“Some of the criticism is that we’re taking random people’s money, and that can’t be further from the truth.”—Assistant District Attorney Andrew Jenemann
Property owners aren’t granted a right to counsel and often are asked to fill out complex forms filled with legal jargon.
Additionally, after appearing in Courtroom 478 for the first time, many property owners are required to return four, five, or even six times before learning whether their cash, vehicles, or houses are forfeited for good or will be returned.
Earley was lucky; he appeared in Courtroom 478 just once. Rochelle, who didn’t wish to share her last name, was there three times. Banks appeared six times, records show.
Failing to appear even once leads to automatic forfeiture of cash and automobiles, critics complain.
In January 2014, Philadelphia police seized $580 and a Buick LeSabre from Nassir Geiger, a lifelong city resident. Geiger, who joined the Institute for Justice’s class action lawsuit, appeared in Courtroom 478 several times to fight for his car and money.
Geiger, a sanitation worker employed by the city, wasn’t aware that the district attorney’s office had filed separate forfeiture petitions for his car and about $465 in cash.
According to court documents, Geiger never received a hearing notice about his cash and failed to appear in Courtroom 478 as scheduled on March 11, 2014, and June 16, 2014.
Because he didn’t show, his money was forfeited.
Contrary to their critics, prosecutors disagree that missing a hearing leads to automatic forfeiture.
Jenemann, an assistant district attorney, says prosecutors do research before acting to forfeit real property—a house, business or warehouse—if a person fails to appear. He says they comb real estate tax records and other public documents, and look for addresses listed on a property’s water bills.
If a property owner cooperates and participates in the process, and then fails to appear in Courtroom 478, Jenemann says, prosecutors aren’t afraid to reopen cases involving property that had been defaulted.
Also, if property is forfeited after the owner fails to appear, Jenemann stresses, he or she can request that the court reopen a case by filing a motion to vacate the previous forfeiture. In some cases, the Pennsylvania courts reopen forfeiture cases involving houses, cars, and money.
“There’s a certain amount of bad information that’s been put out there,” Jenemann says. “There’s a certain amount of unfairness in the way [forfeiture] has been portrayed. We’re always trying to improve the process. You want to get from what it is to where it should be.”
Jenemann notes that the number of times claimants have to appear in forfeiture court is based largely on the defendant and whether he or she has an open criminal case.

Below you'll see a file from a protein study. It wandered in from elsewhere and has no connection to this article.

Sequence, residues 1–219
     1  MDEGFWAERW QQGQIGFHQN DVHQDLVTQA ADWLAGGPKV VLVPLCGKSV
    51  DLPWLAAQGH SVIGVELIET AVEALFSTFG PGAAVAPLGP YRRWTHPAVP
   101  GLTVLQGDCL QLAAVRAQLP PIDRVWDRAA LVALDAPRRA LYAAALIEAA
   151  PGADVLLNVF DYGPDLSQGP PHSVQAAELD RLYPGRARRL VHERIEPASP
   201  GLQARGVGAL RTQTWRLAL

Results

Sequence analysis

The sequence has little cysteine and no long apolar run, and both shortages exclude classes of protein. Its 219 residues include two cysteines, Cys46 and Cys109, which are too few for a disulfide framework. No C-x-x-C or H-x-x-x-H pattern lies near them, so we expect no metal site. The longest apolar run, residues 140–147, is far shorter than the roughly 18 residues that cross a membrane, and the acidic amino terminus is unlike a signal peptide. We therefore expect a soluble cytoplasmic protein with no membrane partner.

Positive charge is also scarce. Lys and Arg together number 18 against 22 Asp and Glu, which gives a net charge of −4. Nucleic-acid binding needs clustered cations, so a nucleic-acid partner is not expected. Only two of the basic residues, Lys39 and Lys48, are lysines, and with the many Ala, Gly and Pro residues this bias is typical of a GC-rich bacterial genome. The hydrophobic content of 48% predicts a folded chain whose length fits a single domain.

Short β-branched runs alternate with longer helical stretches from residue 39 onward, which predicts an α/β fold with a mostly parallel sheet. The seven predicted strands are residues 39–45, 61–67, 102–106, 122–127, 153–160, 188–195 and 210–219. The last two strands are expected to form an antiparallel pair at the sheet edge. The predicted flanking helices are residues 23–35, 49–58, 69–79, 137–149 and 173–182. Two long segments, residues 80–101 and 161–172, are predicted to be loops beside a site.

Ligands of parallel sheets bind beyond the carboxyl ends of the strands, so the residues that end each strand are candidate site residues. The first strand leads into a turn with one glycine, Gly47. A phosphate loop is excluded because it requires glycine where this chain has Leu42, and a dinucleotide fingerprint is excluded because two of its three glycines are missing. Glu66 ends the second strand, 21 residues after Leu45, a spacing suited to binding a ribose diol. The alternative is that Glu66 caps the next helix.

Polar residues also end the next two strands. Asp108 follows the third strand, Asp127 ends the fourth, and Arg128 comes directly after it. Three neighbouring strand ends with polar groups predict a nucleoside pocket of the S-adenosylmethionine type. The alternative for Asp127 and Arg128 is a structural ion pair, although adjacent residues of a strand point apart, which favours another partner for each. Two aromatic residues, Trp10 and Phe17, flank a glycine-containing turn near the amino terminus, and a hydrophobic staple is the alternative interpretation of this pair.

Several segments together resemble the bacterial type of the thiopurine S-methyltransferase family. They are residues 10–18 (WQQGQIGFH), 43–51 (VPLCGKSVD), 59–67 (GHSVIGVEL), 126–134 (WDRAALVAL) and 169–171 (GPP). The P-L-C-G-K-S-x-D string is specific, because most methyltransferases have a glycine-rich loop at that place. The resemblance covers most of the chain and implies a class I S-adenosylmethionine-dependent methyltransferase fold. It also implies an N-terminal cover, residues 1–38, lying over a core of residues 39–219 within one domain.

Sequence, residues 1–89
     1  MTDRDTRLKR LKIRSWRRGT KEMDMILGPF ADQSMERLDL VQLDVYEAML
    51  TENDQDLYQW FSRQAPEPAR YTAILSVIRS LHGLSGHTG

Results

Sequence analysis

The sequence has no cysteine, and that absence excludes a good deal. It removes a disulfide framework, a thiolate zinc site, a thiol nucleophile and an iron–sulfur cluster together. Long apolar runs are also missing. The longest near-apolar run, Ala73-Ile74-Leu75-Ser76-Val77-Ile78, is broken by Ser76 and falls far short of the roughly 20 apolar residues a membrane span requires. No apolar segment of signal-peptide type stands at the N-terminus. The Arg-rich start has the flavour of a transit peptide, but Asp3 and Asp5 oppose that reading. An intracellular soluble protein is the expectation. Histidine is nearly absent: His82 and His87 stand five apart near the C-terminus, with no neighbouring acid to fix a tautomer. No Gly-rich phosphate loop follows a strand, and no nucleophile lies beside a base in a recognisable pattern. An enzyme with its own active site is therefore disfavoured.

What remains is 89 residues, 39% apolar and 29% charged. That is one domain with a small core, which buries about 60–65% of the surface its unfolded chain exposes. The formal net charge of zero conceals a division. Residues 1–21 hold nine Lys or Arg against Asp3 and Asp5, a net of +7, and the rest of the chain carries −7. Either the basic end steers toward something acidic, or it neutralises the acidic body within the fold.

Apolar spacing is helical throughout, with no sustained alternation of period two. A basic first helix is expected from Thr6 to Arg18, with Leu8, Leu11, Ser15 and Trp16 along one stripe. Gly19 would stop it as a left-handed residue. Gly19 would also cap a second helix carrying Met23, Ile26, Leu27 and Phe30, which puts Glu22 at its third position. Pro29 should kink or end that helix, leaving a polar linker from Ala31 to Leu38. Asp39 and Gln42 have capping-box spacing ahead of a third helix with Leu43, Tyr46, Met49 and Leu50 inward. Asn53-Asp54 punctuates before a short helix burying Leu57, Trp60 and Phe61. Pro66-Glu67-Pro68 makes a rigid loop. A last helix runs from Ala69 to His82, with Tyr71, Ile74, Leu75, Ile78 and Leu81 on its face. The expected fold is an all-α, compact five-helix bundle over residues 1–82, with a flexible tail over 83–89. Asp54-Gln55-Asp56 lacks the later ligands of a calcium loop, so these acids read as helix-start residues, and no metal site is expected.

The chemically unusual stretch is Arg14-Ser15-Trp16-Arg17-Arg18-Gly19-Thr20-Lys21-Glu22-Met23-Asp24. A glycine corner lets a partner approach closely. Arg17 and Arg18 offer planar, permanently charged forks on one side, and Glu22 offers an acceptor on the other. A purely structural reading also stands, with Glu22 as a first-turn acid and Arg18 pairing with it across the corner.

Under Philadelphia’s court rules, he says, status hearings must be conducted every few months until a criminal case is closed. That can keep property owners such as Banks coming back to Courtroom 478 five or six times.
Property owners in Philadelphia fighting for their cash, cars and houses sometimes must appear in Courtroom 478 up to 10 times.
The drawn out nature of forfeiture cases, criticized by opponents of Philadelphia’s practice, is one aspect of the program Jenemann has changed.
“We are responding to the criticism by evaluating past policies and past procedures, and where we find them to need updating or changes, we’re making updates or changes,” he says. “But I don’t think the criticism has been fair.”
‘Every Last Penny’
Banks’ case underscores the concerns of those fighting the system. The contractor represents thousands of property owners whose cash, cars, or residences were seized even though the property wasn’t tied conclusively to illegal activity.
Banks was found guilty of possession of marijuana with intent to manufacture or deliver, according to filings with the Municipal Court of Philadelphia County. His pay stub, however, showed that the $1,858 seized by police wasn’t tied to the drugs.
He was sentenced to 18 months’ probation.
Banks and the district attorney’s office reached a settlement in August, court documents show. As a result, Banks says, he received “every last penny back.” He also was asked to sign a waiver saying he wouldn’t sue the city.
Such waiver requests aren’t uncommon, as evident in the 2012 case of George Reby, who had $22,000 in cash seized in Tennessee. Reby, who got his money back, was asked to sign a waiver saying he wouldn’t sue the state.
In the interview with The Daily Signal, Banks says he didn’t understand why police went after him and not the man who they believed was selling marijuana, especially when law enforcement is focused on taking drugs off the streets.
And although Banks was able to prove that his money wasn’t tied to illegal activity, effectively beating Philadelphia’s forfeiture system, he laments that others won’t find it that simple.
“For someone who doesn’t have a pay stub, it wouldn’t be so easy,” Banks says, adding of his money: “I needed that change.”